Friday, December 16, 2016
The Mask of Fu Manchu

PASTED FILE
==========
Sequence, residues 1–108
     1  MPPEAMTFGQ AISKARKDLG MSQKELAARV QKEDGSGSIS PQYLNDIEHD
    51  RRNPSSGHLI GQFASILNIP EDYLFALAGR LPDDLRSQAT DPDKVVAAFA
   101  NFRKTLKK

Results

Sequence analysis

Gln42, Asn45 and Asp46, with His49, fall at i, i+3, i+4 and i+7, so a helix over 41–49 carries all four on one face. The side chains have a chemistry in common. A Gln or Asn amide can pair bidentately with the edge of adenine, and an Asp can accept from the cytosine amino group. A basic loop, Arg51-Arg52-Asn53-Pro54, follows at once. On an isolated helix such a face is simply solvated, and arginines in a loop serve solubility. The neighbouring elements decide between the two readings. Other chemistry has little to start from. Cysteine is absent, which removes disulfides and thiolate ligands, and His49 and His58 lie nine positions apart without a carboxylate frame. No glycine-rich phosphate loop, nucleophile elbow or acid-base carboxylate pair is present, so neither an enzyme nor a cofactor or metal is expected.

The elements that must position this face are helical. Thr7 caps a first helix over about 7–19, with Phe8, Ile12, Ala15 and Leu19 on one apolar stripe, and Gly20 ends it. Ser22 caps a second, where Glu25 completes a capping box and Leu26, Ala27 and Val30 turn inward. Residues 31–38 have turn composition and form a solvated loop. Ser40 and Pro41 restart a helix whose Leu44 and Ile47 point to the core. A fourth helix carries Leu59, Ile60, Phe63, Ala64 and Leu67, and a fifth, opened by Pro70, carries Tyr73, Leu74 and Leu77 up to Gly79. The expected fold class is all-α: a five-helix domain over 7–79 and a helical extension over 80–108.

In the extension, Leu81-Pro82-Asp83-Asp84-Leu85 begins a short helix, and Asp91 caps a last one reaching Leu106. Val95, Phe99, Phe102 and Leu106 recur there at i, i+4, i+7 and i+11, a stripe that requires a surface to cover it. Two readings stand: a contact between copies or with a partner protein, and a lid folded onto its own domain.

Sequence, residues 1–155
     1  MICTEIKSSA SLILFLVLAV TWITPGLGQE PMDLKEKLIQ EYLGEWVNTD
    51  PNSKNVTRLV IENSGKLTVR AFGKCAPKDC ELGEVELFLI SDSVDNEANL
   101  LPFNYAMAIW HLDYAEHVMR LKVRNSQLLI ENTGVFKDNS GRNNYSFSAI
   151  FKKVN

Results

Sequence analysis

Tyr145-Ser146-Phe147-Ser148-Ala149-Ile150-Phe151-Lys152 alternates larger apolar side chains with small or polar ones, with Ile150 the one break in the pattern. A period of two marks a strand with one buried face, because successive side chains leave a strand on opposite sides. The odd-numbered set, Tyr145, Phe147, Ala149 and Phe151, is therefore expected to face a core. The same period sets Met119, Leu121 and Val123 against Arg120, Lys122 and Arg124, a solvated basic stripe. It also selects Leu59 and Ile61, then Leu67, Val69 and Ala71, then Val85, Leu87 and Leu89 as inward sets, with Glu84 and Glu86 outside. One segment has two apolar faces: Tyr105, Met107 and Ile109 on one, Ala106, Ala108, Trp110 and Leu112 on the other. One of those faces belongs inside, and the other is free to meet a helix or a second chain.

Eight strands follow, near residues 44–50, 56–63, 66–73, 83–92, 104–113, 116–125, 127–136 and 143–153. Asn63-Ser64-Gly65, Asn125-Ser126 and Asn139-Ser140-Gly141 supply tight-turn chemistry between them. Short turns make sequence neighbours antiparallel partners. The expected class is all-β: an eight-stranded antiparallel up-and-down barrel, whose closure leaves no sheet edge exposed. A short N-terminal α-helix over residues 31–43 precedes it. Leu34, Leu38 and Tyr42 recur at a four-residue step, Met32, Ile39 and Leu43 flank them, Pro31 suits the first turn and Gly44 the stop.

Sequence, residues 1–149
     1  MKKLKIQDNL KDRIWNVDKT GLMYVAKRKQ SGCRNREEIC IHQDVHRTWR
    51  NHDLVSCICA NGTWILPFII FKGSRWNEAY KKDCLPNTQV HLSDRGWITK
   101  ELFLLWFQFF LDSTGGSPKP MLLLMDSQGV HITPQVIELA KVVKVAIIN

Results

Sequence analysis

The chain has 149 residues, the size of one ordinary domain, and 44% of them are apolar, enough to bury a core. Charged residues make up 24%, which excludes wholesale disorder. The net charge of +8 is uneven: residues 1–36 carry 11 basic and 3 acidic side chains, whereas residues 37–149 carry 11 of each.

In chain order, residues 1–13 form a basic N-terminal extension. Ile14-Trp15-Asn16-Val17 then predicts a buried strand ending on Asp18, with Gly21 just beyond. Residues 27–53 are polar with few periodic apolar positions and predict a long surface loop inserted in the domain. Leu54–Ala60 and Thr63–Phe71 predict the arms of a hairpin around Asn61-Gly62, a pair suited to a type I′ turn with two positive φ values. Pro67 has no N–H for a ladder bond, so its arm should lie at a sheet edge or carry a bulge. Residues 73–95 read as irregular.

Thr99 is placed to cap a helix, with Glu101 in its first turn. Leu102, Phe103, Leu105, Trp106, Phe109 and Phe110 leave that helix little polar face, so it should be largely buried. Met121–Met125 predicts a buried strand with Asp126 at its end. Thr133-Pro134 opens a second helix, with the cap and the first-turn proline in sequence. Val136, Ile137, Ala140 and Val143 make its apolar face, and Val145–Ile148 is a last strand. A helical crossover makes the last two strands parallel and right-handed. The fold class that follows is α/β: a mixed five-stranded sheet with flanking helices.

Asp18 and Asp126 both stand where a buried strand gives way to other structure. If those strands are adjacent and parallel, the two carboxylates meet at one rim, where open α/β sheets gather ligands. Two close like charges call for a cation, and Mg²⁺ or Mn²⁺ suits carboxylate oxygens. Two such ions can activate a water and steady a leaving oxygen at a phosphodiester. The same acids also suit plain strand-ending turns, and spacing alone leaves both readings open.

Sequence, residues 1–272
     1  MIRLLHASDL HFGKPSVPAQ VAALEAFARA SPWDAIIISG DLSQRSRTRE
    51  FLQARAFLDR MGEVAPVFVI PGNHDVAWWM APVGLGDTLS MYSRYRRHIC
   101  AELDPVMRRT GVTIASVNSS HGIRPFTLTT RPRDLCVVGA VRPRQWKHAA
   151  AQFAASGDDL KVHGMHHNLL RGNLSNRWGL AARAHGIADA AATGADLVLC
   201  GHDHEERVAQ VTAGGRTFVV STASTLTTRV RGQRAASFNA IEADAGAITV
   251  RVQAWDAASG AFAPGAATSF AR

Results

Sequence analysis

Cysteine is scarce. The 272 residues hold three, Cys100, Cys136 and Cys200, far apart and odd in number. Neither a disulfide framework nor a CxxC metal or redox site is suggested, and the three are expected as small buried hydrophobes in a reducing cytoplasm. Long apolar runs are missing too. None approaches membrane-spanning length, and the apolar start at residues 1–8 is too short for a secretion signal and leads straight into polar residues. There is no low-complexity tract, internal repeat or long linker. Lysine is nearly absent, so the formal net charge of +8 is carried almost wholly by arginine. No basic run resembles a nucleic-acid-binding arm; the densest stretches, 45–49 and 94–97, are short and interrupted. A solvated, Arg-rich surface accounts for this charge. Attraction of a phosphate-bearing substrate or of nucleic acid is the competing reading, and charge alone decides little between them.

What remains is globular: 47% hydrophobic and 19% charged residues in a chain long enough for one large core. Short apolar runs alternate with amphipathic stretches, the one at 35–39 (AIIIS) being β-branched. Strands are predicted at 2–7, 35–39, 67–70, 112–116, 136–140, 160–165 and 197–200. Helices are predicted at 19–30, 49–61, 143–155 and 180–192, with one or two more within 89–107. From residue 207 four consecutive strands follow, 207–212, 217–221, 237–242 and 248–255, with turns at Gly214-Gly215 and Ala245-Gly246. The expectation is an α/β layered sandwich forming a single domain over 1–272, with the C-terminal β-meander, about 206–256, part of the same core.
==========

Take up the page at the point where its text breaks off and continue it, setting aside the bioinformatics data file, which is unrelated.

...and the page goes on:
A renaissance man if ever there was one, Dr. Fu Manchu bridges the gap between the two, often opposing, cultures of science and religion. Tinkering with exotic poisons and Tesla coils, Fu Manchu seems to be a man of science and technological innovator -- his electrically powered Death Ray is an excellent exemplar of his scientific acumen. And, yet, at the climax of this 1932 film, The Mask of Fu Manchu, the doctor preaches a sermon to the "Men of the East" while orchestrating the elaborate human sacrifice of a lingerie-clad maiden to the great God Shiva: a grinning idol wielding a scimitar is pressed into service to accomplish this religious observance. MGM's adaptation of a novel by Sax Rohmer is racist to the core, expensively mounted with an all-star cast, and directed with staggering incompetence by someone named Charles Brabin. Presumably, the movie was intended as some kind of campy comedy but the racism is too thoroughgoing and nasty to be funny and the sadism is too vicious to be merely amusing. The film isn't scary and it's too ineptly directed to be suspenseful. Visually, some aspects of the picture are impressive but the film's poor direction tends to undercut the legitimately effective elements of the film's set-direction and costumes. And the acting is uniformly wooden and inert. Boris Karloff plays Fu Manchu and his "yellow-face" effects are wholly unconvincing -- in order to preserve the illusion that he has Asiatic features, Karloff squeezes his eyes to slits with the result that he simply looks sleepy. (Myrna Loy playing Karloff's dominatrix daughter is equally hapless with respect to her make-up effects -- she also has to play her part with eyes squeezed shut and seems half-blind throughout the film.) Lewis Stone, most memorable as the disfigured German Junker in Grand Hotel, seems baffled by the ridiculous plot -- he is whitest of all white men, a slender alabaster pillar the color of an acetylene flame, and like a torch, is entirely without expression. The rest of people in the film, a cast consisting, more or less, wholly of people who Fu Manchu will torture at one time or another are unconvincing and mouth their lines with obvious disdain. The director, Charles Brabin, has an uncanny facility for locating his camera in the worst possible location. At first, Brabin seems to be filming a stage play -- characters sit in box-like sets, confined to the bottom quarter of the image, the upper three-quarters generally just empty space. Brabin likes to film people coming and going through doors. If someone approaches a door, Brabin obligingly shows the character entering the room. The sets look like an old-style Chinese restaurant -- there was a place in Duluth in the 80's called "The Brass Lantern" filled with ornate arched entryways and filigree screens with lacquered wall-coverings depicting mother-of-pearl dragons. It was dark in the old Brass Lantern and to get to the toilets you had to walk over a little arched bridge spanning a koi-crowded pool beside a faux-ivory wishing well full of pennies pitched into the water by patrons. Chinioserie knick-knacks were everywhere and, after completing your supper of sugary chop-suey, syrupy sweet-and-sour shrimp with egg foo yung, you could go into a gift shop and buy yourself a fist-sized Buddha with a fat belly as a souvenir of your adventures in the exotic Orient. The Mask of Fu Manchu seems mostly set in a Chinese restaurant of this kind, dimly lit, and crammed with waitresses in imitation silk kimonos. Brabin doesn't know how to make the best of his kitschy, if expensive, sets and they are either ridiculously overlit or dark as grottos. Brabin also doesn't know anything about editing a film for effect -- hence, the repeated shots of people walking through doors into tableaux that look like they belong on stage. At the climax of the movie, the Caucasian heroes use the death-ray to spray artificial lightning on about five-hundred "Men of the East", a writhing mob that we see only in long shot since earlier closer images showed the men not to be Asiatic in appearance, but, rather, a medley of Sikhs, Indian maharajahs, Bedouins, and desert dwellers, all of these parts acted by ethnic-looking Jews. For some bizarre reason, Fu Manchu's factotums are all giant Black men, almost entirely nude who stand on plinths with arms akimbo, looking exactly like Oscar Schlemmer's glistening and ebony Academy Award. Addicted to Baroque tortures, Fu Manchu, of course, keeps his victims alive long enough so that they can escape and wreak havoc on him. Nayland Smith (Lewis Stone) playing a plucky archaeologist and explorer finds himself strapped to a teeter-totter above a pit full of vicious-looking crocodiles. Smith wiggles free and, then, blithely walks right through the crocs who don't really pay much attention to him. Smith's side-kick, a comical German who looks like Trotsky, is being pinched to death by some spikes in a conveniently nearby room. Smith goes into that torture chamber, shuts off the machine by flipping a lever, and, then, the two of them release the hunky and stalwart male hero who is being fondled by Myrna Loy -- she is lovingly caressing the lash marks on his chest and belly and ribs, stigmata from some earlier torture. This character previously was fed poison extracted from a tarantula, Gila monster, scorpion, and boa constrictor (a serpent that is not venomous, of course). This poison turned him into a zombie and sex slave for Myrna Loy's depraved Chinese princess, Dr. Fu Manchu's daughter. In the throes of the gu poison, Ken-doll hero throws a fit in a wild rainstorm and laughs maniacally as he delivers his fiancee and the rest of the Caucasians into the elaborately curved fingernails of Dr. Fu Manchu -- but Brabin has the camera so far away that we can't see the man's face, probably a mercy since there is no evidence that he can act at all. Once everyone has escaped from their respective torture chambers, the allied forces of the White men can seize control of the Death Ray. In a basement amphitheater, a sort of rec-room from Hell, Fu Manchu is choreographing the slaughter of the hero's fiancée, clad in a diaphanous and semi-transparent night-gown, and exhorting the "Men of the East" to seize all White women and beget children upon them so that the White race will be bred out of existence. Unfortunately for Dr. Manchu, there is a trapdoor right below the Death Ray and, opening this conveniently located hatch, our heroes pour lightning down onto the heads of the assembled multitude, massacring them all in a series of supremely uncommunicative and dull long shots. This is the kind of movie in which a series of small niche-like rooms, decorated with stalactites and stalagmites, are full of listless, limp-looking snakes, the same critters appearing in each chamber -- one can imagine the hapless set-decorators lugging the torpid constrictor form room to room. When the archaeologist removes the mask of Genghis Khan, the film's symbol for the hegemony of the East over our Western civilization, a big tarantula is prowling around the inside of the Great Khan's skeletal eye-socket. The tarantula appears later when Fu Manchu cunningly milks the poor spider for its venom so as to manufacture the elixir of zombification (and, also, an aphrodisiac) that misleads the dimwitted muscle-man hero into dragging his fiancée and future father-in-law and the Trotsky look-alike into the den of the Asiatic fiend. All obstacles surmounted in the end, the muscle-man is reunited with his pale-faced fiancée and, when a ship's porter appears with a gong to announce that dinner is served, everyone has a good laugh at the expense of the servile Oriental man announcing that the buffet on this all-inclusive cruise ship is open -- "Are you a doctor? Or a physicist? Or an archaeologist? Or a student of strange poisons and tortures?" Nayland Smith asks the chubby servant. The man looks like he's a Filipino and he grins, showing a mouthful of rotten teeth, saying "Not me, boss!" I forgot to mention that a guy is tortured to death by being forced to listen to a great bell sounding interminably over the rack where he is chained. When the poor fellow pants that he is dying of thirst, Fu Manchu pours a mouthful of saltwater down his throat and, then, has him branded on the forehead with the mark of a rampant dragon. And so it goes.